Cerro Punta, the Chiriqui Highlands, Panama

Leaving David, I took a bus to the Chiriqui highlands and the town of Cerro Punta.

Another chilly mini-bus ride, but I enjoyed listening to the women chattering behind me, and not in Spanish. This area has a significant indigenous population of two groups, the Guaymi (or Ngöbe) and the Bokota (or Buglé) who are politically united (as the Ngöbe-Buglé), dress differently (loose dresses of beautiful strong colors, though the men dress like westerners) and have their own languages. And they make me feel tall.

As usual I drifted off to sleep, and woke to a deeper green countryside and pouring rain, great sheets of water kicked up from our unrepentantly speedy passage around sharp turns. Actually, people seem to drive faster when it’s raining than when it’s dry.

I ended up in the town of Guadalupe, staying in the nicest place yet, a bit above budget, but with cloud forested hills, two national parks, good meals made by friendly locals, and a climate too chilly for mosquitoes,  it’s well worth the price. And, I remind myself, it’s about 1/6th of the price of the dingy room in the Tenderloin in San Francisco. (I periodically sit back and enjoy the lack of mosquitoes. Time for another contented sigh…)

For my meals I walk into “town,” which is a T-intersection with a dozen buildings, of which two are restaurants, although one is usually closed. There is one item available: rice & beans, potato in some form, and a piece of meat. This would be a great place indecisive people to vacation.

The food is good, staff chatty, and the bill about $2. Maybe $2.50 if you get a glass of fresh squeezed passion-fruit or pineapple juice (or better yet, combine the two). (Did you know Panama uses the US dollar? They also mint their own coins to go with ours, called “Balboa’s” with pictures of the explorer on them.)

My largest companion in the dorm.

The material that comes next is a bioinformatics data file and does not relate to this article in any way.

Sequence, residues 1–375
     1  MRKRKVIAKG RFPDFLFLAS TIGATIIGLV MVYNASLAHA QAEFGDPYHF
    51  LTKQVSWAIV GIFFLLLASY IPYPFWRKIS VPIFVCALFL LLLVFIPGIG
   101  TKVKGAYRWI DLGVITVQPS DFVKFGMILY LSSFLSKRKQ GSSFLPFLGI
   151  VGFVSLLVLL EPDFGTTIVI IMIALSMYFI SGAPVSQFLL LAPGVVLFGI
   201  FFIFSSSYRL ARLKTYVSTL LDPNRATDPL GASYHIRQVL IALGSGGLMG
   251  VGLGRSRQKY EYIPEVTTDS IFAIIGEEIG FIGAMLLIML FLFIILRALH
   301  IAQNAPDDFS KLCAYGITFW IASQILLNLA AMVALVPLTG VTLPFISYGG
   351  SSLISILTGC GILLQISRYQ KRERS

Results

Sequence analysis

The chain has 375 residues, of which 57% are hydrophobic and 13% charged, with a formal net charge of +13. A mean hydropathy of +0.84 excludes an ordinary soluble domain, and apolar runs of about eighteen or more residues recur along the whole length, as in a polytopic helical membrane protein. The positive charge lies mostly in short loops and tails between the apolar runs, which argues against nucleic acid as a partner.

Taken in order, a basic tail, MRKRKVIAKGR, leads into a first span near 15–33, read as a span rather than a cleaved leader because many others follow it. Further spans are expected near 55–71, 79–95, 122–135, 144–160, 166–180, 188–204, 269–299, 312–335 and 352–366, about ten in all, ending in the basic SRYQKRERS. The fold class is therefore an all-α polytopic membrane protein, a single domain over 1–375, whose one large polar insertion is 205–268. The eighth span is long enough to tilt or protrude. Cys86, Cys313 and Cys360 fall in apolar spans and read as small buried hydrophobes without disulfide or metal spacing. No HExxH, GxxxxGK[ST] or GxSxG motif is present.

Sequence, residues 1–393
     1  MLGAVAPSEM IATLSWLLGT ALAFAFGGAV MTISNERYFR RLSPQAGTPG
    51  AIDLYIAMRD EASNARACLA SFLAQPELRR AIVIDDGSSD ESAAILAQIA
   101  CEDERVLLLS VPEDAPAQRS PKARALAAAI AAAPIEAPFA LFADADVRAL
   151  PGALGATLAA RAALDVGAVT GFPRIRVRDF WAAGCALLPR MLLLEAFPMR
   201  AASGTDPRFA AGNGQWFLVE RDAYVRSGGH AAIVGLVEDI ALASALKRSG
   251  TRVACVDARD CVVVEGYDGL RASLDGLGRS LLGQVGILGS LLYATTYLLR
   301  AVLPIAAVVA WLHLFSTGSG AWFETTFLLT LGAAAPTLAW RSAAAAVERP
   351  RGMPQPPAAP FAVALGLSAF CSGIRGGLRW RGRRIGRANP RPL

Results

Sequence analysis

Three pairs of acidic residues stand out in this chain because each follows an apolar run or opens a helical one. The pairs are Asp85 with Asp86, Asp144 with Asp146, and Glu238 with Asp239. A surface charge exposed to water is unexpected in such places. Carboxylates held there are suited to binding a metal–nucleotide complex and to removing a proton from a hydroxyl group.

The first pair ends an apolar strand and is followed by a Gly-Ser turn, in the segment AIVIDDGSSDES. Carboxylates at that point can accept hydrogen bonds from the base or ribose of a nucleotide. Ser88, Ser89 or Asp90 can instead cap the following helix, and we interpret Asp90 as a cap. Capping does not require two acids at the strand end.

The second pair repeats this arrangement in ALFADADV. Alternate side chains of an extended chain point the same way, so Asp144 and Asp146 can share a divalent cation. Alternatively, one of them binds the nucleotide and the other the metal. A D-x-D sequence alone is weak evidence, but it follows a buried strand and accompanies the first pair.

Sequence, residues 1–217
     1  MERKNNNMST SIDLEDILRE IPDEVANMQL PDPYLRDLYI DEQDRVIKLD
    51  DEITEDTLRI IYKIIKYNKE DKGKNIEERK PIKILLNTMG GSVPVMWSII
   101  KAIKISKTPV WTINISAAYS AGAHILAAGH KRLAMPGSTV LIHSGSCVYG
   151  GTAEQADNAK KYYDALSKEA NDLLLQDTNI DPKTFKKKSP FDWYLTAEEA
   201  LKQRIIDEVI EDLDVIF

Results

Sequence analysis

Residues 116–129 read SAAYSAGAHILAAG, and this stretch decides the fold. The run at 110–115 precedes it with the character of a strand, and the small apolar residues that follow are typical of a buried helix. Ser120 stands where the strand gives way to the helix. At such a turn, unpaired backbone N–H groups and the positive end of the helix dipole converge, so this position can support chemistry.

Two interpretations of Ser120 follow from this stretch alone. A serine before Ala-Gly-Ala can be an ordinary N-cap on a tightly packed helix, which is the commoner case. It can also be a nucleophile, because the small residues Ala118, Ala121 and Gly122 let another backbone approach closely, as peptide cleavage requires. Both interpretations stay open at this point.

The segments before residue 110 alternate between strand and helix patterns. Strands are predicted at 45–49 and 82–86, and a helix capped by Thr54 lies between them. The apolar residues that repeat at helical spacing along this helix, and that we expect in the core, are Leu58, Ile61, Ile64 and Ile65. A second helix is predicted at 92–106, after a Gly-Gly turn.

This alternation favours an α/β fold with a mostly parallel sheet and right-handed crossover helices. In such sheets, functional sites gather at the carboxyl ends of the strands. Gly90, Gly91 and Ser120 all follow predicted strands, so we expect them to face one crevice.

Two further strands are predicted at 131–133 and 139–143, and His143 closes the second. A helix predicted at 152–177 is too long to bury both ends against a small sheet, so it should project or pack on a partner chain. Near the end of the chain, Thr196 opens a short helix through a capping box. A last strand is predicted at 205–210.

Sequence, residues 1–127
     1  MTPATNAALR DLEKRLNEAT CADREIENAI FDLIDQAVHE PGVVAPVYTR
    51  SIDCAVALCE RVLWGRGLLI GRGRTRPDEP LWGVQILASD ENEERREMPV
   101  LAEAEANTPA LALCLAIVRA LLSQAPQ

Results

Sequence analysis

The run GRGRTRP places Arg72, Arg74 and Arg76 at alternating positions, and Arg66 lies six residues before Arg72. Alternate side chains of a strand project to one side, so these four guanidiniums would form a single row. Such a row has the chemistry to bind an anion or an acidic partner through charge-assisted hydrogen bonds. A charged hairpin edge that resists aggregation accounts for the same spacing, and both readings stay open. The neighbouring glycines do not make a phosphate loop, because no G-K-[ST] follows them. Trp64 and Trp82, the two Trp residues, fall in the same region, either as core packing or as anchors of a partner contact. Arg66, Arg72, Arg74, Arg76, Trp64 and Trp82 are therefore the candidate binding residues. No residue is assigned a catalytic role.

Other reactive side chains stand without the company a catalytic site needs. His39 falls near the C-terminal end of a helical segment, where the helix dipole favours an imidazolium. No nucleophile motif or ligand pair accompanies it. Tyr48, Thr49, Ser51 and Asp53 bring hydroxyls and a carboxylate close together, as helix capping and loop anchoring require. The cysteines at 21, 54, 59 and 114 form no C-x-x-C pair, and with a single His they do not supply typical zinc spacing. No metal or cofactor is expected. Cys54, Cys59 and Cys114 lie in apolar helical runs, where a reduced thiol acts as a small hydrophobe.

The sign says “hostel” but my accommodation is more of a mountain lodge. Think Aspen, only Latin American. Chunky wood furniture, even in the dorms, not a single IKEA tag to be found, and big-ass insects clinging to the ceiling. There’s a common room and restaurant upstairs, both with large brick fireplaces for warmth (Warmth! When was the last time I needed that?!?) though the fireplaces fill the rooms with a haze of smoke, and it took the kitchen over an hour to make my hot chocolate, even though I was the only one there. Just details, not complaints, I am way too happy of a camper to bitch about my hot chocolate!

The Chiriqui highlands are luscious with cloud forests, which drape like cobwebs on the steep slopes around town, although farms are metastasizing their way up the slopes, felling trees as they go. I fear that in a few years they’ll put ’em in a tree museum, and charge the people a dollar and a half just to see ’em.

There are bright flowers erupting everywhere, including giant heaps of trumpet flowers drooping over fences and walkways. In the forest it is always dripping and cool, epiphytes abounding, and bromeliads growing on every surface. The soundtrack of bird song and running creek water are exactly what people pay $24.95 for.

You should come here.

After a hearty plate of the dinner option I stroll back to my hotel through the reliable evening downpour, stopping along the way to buy a container of fresh local strawberries and cream. And did I mention the “hostel” has a spa too? Last night I got an hour massage for $35 and slept better than I have in months.

Seriously, screw Costa Rica, come here.